I then took the stack of these boards over to the drill press and drilled four holes in one end. I set up a simple guide and stop block. The holes are offset from the long edge 1″ and the pencil marks are 3/4 and 2 and a quarter inch from the end.
This will speed up the process of screwing these boards to the base later.
3. The Base
I cut the pair of 2×10’s for the base down to length and laid out the spacing of the side boards. I used a scrap piece of half inch plywood for one spacer, and an off-cut from a side board for the three quarter inch gap.
The gaps in the side boards alternate between half inch and three quarters along the length of the jig. Half inch for the rope, three quarter inch for the chainsaw blade.
I drilled pilot holes in the top 2×10 to also speed up the assembly. And applied some exterior wood glue and screwed the two together. I used a few extra screws as there was a slight warp in one of the 2×10’s.
Now I had lined up the edges with my speed square but there was a noticeable variation in the width between the top and bottom 2×10’s. To correct this, I set the fence on my tablesaw to the smaller dimension and ran the base through the saw, flipped it end for end, then ran it again. This made the base true and square.
4. Attach Side Boards
With the base on a flat surface, I’m ready to attach the side boards. I use some glue and my finishing nailer to hold them in place, screws added later. I alternate the spacers as I go along. When I got part way done one side I started again at the other end and finished up in the middle.
I then laid the jig over on some supports to add the screws. The combination of glue and screws will make for a strong and long lasting joint.
Spin the jig around to repeat this process on the other side.
5. Close One End
The front end of the jig is closed in with 3/4″ inch plywood. I’ll rip to width, then cut to length.
Mark a line with a square 3/8’s from each edge. And mark the centers of each base. Drill pilot holes for screws.
Apply some glue, then a few nails to hold it in place for the screws.
For more strength attach galvanized angle brackets to each front corner using short pan head screws.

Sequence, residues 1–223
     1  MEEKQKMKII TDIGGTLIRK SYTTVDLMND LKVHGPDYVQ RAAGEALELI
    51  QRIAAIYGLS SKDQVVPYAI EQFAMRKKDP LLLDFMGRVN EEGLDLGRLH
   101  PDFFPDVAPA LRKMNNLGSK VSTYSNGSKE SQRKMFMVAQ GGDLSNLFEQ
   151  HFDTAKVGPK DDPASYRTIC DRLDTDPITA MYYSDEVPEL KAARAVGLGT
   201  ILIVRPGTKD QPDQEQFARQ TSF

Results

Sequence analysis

6. Attach Supports
Turn the jig upside down and mark the locations for the bases on each end.
Add two screws on an angle to hold the bases in place before drilling for the carriage bolts.
I then remembered that I had a long drill bit so this went quick. You can do this step with a shorter bit but try to get the holes lined up so the bolts will tap in easily.
Repeat this process at the other end. I tapped the carriage bolts up through the inside of the jig and secured the base with a flat washer, a lock washer, and a nut.
For the other end I laid the jig over on its side on saw horses to tap in the carriage bolts.
The axle can now go in the groove and be secured with short mending plates. The cotter pins holding the wheels to the axle can now be bent over to keep them in place.
To the front base I glued and screwed on two feet made from some scrap 2×6. This makes the jig sit closer to level.
7. Make and Attach Handles
I’ll make the two handles from a 2×6. Cutting each to length first then laying out the design. I’ll set the fence on the table saw to one and a half inch and run it part way through.
Then to the miter saw to cut part of the angled section.
And finish up these cuts with a hand saw.
Clamp these to a saw horse and round off the hand holds. I used a coarse sanding disc on my grinder. This is all rough carpentry so just as long as it’s comfortable in the hand.
With the jig now on it’s feet I can mark the location for the handles, drill the pilot holes, apply glue, and secure it with 6 screws from the inside.
8. Wooden Weights on Ropes
Next the mending plates that bridge the half inch gap between side boards can be screwed in place.
I salvaged some wood from a few old hardwood pallets to make the weights. I use an older chop saw with a beat up blade anytime I’m cutting recycled wood. Just in case I hit a hidden nail.
And I drilled a hole in each block.
I cut 1/4″ diameter rope into 7 foot lengths and melted the ends with a lighter so they won’t unravel.
I tie a block weight on one end and the other to the mending plate.
9. Firewood Cutting Jig – Finishing Up
To finish off this project I chamfer or round off all sharp corners or edges with the grinder. And that’s it. The new firewood cutting jig is done.
Thank you for supporting us by using these affiliate links
- Dewalt Compact Job-Site Table Saw (DW745)
- Dewalt 12″ Sliding Compound Miter Saw (DWS779)
- 10″ Bench Drill Press with Laser
- Dewalt 20V MAX Compact Drill/Driver set
- Miter-Saw Workstation Tool Mounting Brackets – Dewalt(DW7231)
- Dewalt Heavy Duty Miter Saw Stand (DWX723)
- Dewalt 20V Battery Charger
- Bosch 1375A 4-1/2-Inch Angle Grinder similar to mine
- Excellent Hammer
- Socket Set
- Center Punch
- Angle Grinder
- Sanding Blocks
- Wood Filler
- Small Speed Square
- Compound Square
- Mini Square
- Hold-Down Clamps
- Bolt Cutters
- Quick Clamps
- Aluminum Ruler
- Center Punch
- Shop Fox W1828 12-Inch Disc Sander similar to mine
- 9″ Bandsaw similar to mine